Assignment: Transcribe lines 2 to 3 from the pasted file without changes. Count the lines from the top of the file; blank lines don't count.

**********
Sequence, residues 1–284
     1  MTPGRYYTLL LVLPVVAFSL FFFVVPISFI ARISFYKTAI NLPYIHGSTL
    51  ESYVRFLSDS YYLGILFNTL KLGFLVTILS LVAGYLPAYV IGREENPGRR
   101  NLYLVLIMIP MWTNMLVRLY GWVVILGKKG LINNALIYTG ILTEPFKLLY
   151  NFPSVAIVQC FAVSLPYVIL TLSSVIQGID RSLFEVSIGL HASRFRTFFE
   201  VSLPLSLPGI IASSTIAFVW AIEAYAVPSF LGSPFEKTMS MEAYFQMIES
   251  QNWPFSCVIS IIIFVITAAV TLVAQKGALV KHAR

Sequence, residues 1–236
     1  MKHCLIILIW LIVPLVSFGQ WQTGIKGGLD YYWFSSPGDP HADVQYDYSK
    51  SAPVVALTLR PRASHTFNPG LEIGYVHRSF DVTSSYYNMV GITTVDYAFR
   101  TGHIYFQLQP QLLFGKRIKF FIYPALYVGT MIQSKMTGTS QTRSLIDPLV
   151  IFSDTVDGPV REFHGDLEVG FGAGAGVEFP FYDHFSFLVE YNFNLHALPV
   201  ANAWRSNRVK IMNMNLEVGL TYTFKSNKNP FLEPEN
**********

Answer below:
     1  MTPGRYYTLL LVLPVVAFSL FFFVVPISFI ARISFYKTAI NLPYIHGSTL
    51  ESYVRFLSDS YYLGILFNTL KLGFLVTILS LVAGYLPAYV IGREENPGRR